AS: So, you’re an 18-year-old woman and just what was—did anyone help you figure our how to communicate with them about how you wanted to be touched, treated, cared for—how did you learn about that?
AW: Yeah, that was a real learning curve. And I think being able to direct my care with my family members was definitely helpful. I think, you know, when you rely on others for most activities of daily living, speaking for myself but I think um, other people in my situation would also—they might agree with me that you learn how to listen very well, you learn how to pick up non-verbal cues. You also learn how to really communicate in a way that’s effective. So, you really learn how to sense the situation and also adjust to it. So like, there were different people that came. Sometimes you know I would have somebody I’ve never met before and they have to help me use the bathroom. So, you know I gotta be you know comfortable with my body, comfortable with somebody touching my body who I just met for the first time. But you know, I've always tried to stressed that I’m the expert. You know I’m there to tell you like this is the way I prefer to be lifted or XYZ, because being a bossy pants [Anna laughs] you know, it was not a problem for me to say, um, can you do it this way? But you just have to be super organized in your brain, you know? And also be like really clear.
AS: Wait, when you say organized in your brain—what do you mean? What are the things that you’re having to make sure are sorted?
AW: Yeah, so always anticipating what’s next. Anticipating what could do wrong. You know somebody—what if somebody drops me? What if somebody doesn’t want to do something the way I ask them to? You know all the different kind of variables but also being mindful again that—how much time do I have left? [A: Uh-huh] You know, am I going to get all the stuff that I need help with done on time before they leave because they won’t be back for another 5 or 6 hours. So, there’s a constant internal evaluation of you know, getting my stuff together. You know, after few months you know it was - it did become more difficult to get around on campus when it was snowy and icy. And I got sick and um, I actually ended up having respiratory failure and almost dying not even halfway into my first semester. So, um once that happened I actually had to take a year off school. So, I went back home, was completely sad when all my friends were living the campus life. You know, I had to be the grown up and decide, okay I’m going to stay at home, I’m gonna commute to Indianapolis and downtown, where there was Indiana University at Indianapolis campus. So this is um, the local commuter campus that a lot of you know, non-traditional just, you know working—people who already have—who were there for a second degree or a mid-life you know career change. This was as far different as you could get from Earlham College. And it was incredibly you know, difficult at the beginning. Again, I’m so thankful for my parents because they drove me to class. I mean, I didn’t have an accessible car, you know they were there for me. And I actually ended up having a fantastic experience at Indiana University that really surprised me.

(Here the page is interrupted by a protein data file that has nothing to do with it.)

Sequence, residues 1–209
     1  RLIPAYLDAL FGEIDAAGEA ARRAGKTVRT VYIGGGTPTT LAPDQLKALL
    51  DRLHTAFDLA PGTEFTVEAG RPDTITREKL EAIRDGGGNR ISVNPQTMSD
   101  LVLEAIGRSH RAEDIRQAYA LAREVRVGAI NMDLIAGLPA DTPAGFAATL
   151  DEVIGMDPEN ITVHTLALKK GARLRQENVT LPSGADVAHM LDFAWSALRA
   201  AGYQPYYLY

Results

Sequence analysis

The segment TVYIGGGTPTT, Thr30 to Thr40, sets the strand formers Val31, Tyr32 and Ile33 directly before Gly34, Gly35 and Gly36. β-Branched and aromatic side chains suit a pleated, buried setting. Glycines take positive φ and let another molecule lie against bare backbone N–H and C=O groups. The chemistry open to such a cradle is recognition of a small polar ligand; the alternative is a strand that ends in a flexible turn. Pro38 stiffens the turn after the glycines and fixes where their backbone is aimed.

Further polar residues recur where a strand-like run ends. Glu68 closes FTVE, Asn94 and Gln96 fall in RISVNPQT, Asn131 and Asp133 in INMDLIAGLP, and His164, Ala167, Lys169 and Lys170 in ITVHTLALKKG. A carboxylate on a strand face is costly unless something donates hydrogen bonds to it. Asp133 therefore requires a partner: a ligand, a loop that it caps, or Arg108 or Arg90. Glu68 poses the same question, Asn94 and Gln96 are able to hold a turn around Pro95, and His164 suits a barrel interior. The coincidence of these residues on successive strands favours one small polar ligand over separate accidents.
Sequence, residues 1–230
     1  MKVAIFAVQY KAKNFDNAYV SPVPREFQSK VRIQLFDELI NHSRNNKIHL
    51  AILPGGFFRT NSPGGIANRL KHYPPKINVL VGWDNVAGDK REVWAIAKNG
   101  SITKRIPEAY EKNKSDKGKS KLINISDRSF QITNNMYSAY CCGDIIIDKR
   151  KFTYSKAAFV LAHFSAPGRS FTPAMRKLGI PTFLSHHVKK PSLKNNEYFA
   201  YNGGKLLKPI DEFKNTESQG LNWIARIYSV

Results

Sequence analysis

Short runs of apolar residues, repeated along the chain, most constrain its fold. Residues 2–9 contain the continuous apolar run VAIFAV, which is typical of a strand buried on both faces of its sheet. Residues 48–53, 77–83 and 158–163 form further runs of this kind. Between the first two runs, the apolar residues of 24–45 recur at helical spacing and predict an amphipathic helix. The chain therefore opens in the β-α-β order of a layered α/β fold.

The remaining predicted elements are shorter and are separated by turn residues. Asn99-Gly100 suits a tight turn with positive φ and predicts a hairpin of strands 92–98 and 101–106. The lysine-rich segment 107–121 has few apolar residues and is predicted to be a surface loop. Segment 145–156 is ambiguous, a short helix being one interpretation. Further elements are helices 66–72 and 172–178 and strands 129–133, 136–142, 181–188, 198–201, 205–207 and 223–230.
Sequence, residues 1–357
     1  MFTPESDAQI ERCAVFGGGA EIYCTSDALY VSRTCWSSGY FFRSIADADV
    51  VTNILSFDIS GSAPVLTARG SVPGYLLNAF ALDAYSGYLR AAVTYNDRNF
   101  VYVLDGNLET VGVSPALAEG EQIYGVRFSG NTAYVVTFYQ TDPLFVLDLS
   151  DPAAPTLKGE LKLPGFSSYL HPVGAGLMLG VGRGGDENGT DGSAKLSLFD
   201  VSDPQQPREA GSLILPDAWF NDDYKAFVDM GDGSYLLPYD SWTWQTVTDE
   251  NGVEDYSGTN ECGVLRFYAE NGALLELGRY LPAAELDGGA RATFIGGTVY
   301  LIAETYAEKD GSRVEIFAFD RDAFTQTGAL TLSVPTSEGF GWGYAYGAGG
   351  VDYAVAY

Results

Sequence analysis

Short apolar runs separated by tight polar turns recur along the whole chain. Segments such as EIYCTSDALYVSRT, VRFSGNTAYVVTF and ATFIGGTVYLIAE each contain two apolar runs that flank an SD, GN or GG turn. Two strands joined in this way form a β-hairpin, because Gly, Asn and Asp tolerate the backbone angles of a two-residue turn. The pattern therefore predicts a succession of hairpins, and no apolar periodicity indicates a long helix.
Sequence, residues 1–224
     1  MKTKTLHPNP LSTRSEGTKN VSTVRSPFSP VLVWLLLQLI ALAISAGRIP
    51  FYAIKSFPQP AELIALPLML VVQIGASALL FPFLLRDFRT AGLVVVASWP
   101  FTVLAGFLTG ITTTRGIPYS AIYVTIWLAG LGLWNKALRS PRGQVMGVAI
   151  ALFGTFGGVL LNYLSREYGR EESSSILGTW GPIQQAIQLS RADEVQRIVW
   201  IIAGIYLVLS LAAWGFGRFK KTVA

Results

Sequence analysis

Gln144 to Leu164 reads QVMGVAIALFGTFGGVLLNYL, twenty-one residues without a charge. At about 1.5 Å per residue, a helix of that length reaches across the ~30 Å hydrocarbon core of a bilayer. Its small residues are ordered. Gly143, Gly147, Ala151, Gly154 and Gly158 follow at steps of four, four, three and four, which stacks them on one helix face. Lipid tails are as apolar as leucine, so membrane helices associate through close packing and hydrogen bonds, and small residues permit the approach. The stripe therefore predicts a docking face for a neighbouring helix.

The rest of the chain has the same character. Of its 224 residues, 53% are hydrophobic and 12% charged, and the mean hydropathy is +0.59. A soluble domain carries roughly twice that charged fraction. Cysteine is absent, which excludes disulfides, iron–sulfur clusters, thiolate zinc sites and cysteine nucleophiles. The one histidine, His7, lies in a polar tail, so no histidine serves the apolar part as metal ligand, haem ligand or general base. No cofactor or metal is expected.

AS: It strikes me Alice, it’s interesting that it was the campus that served non traditional students that was the one that could imagine possibilities for you that people at your high school or at the private fancy liberal arts school could not.
AW: Yeah. I feel like that was such a humbling thing because with all of my kind of assumptions and you know judgments, you know I had wonderful opportunities to learn and grow. You know, it really was a better situation, even though I didn’t have all of the bells and whistles that one would want as a young person—for all the, you know I didn’t go to parties, I didn’t do anything wild but that’s why I am the party animal that I am now [Anna laughs].
Alice finally left Indiana for San Francisco in 1997, to get her masters’ in medical sociology at the University of California, San Francisco. And being there was a lot of what she’d hoped for.
AW: It immediately felt like home because I saw like so many Asian-Americans, there was such a—it was such a relief. I was just so thrilled and of course the food like um, the culture, the weather, the diversity just all the things that are right at your footsteps, your doorstep. I think that was so, exciting, and that was really the lifestyle you know I had wished for myself.
AS: What did you do on the weekends? In that time of your life when you were just getting to know the city?
AW: Yeah, I was just so lucky just exploring all the different neighborhoods, going to parks, going to like Golden Gate Park, I was actually walking distance from my campus to Golden Gate Park which is amazing. And you know I love taking public transit so, like public transit was accessible. That was thrilling, to be able to go to Berkeley and Oakland all by myself. [Anna: Uh-huh] That would’ve never happened—
AS: Had you ever done that before? To like be able to travel around the city by yourself?
AW: Never, never. Never ever. So, that was extremely, extremely thrilling and all the little things were just an adventure.
AS: When you moved to San Francisco did your parents also move?